The Basics of Eye Movement Desensitization and Reprocessing (EMDR)

17 Oct, 2022
The Basics of Eye Movement Desensitization and Reprocessing (EMDR)

The Basics of Eye Movement Desensitization and Reprocessing (EMDR)

Most people are familiar with cognitive behavioral therapy (CBT) and dialectical behavioral therapy (DBT). A treatment modality that fewer people know about is eye movement desensitization and reprocessing (EMDR). It can be highly effective, but there is some controversy surrounding this treatment. It is also not appropriate for all patients. Here we will look at some of the fundamental aspects of EMDR.

What Is EMDR?

EMDR is a type of psychotherapy. It was designed to help decrease distress related to traumatic memories. According to the American Psychological Association, EMDR was developed in the late 1980s by Francine Shapiro and was used for the treatment of post-traumatic stress disorder (PTSD).

EMDR consists of eight phases:

  • Phase 1: History taking
  • Phase 2: Preparing the patient
  • Phase 3: Assessing the target memory
  • Phases 4-7: Processing the memory to an adaptive resolution
  • Phase 8: Evaluation of treatment results

During EMDR, the patient will talk through their traumatic memories or negative feelings while being led through bilateral eye movements. Other forms of bilateral stimulation such as tapping on the knees or using buzzers called tappers.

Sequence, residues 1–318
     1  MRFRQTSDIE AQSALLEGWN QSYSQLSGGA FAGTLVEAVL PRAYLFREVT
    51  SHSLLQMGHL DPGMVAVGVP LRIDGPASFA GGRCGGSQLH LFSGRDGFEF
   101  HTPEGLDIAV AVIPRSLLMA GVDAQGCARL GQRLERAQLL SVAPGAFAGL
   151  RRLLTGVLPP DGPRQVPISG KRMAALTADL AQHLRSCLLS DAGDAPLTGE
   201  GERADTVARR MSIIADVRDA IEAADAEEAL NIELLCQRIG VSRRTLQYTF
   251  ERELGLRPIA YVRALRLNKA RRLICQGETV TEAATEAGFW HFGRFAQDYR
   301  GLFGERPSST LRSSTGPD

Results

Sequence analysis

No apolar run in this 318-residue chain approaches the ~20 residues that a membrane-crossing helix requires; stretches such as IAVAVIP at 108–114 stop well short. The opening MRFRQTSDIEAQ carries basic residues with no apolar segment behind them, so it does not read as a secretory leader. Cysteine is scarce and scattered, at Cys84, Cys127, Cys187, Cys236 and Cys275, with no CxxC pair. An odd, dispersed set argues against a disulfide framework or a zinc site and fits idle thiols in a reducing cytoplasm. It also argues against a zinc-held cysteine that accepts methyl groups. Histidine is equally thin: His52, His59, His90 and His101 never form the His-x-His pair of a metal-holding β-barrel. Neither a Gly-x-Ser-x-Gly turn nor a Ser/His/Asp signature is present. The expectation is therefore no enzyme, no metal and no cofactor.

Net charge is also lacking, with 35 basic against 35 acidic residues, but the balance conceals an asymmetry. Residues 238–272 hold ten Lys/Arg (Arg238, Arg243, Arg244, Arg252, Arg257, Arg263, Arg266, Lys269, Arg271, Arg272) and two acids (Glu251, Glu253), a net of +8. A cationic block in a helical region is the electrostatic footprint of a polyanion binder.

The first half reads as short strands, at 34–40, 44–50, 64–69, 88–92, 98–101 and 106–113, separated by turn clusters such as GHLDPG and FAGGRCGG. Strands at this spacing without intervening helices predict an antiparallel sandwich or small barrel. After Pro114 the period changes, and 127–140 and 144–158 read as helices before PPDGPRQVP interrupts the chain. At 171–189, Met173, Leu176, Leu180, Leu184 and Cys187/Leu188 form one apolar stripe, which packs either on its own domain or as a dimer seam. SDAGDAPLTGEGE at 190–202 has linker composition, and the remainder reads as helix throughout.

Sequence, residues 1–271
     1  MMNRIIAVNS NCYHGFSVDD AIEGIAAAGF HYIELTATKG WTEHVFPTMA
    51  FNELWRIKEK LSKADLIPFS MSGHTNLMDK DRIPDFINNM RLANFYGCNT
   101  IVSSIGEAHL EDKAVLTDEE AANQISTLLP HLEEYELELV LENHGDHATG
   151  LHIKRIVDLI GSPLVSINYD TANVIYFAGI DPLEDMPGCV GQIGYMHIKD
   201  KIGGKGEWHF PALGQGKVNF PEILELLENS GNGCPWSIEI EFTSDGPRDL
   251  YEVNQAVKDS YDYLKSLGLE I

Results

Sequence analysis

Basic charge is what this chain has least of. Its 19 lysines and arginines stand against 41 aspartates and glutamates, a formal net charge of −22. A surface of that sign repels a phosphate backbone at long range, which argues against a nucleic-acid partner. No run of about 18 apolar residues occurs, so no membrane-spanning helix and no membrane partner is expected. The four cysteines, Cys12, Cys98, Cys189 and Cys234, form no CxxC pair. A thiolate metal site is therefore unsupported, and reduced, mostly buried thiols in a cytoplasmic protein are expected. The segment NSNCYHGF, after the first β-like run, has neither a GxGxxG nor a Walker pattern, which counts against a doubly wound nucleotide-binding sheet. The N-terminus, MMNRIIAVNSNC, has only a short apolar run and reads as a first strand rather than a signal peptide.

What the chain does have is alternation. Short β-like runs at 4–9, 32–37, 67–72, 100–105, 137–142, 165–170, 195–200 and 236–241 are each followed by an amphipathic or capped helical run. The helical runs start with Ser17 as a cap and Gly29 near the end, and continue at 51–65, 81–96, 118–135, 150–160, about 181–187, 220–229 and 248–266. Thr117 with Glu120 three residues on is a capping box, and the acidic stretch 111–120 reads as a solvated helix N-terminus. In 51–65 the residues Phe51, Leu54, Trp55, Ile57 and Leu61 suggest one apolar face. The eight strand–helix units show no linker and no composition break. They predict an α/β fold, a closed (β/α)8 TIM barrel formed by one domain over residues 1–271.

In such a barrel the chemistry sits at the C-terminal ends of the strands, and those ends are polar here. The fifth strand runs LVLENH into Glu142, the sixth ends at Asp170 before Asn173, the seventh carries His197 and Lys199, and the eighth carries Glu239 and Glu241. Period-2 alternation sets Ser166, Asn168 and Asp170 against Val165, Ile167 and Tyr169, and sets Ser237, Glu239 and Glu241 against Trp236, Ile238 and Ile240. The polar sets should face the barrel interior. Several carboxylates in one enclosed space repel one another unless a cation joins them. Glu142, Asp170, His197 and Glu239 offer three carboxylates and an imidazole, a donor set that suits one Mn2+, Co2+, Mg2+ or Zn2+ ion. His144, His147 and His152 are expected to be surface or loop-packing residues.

EMDR focuses on the past, present, and future. First, unpleasant and disturbing past events are addressed. Then, the focus shifts to current distressing situations. Eventually, the practitioner moves on to teaching skills that will allow the patient to take positive action in the future.

How Does EMDR Differ from Other Therapies?

Some therapies require a person with PTSD to go into a detailed discussion of their traumatic event. That is not necessary with EMDR. EMDR is not like any talk therapy. It is more similar to mindfulness-based therapies. Also, some forms of psychotherapy can take years, while benefits from treatment with EMDR can be seen rapidly. Some patients with a single trauma may only need five sessions. However, patients with multiple trauma may need more. EMDR does not involve assignments like other therapies.

Why Does EMDR Work?

The truth is that there is a lack of long-term research on EMDR explaining exactly why it works. According to Jason N. Linder, PsyD, in his Psychology Today article “How Does EMDR Therapy Work? What Makes it So Effective?” The bilateral stimulation of the eye movement while holding a disturbing memory helps desensitize those charged emotions associated with the memory. With time, this helps desensitize the emotional charge of the memory. It also helps reprocess how the memory is stored in the mind and body from self-defeating to self-affirming.

EMDR And Controversy

Treating patients with EMDR seems a great idea, but controversy swirls around this therapeutic approach. It is widely believed to be safe, but some providers believe that EMDR can have adverse side effects, including:

  • Increase in distressing memories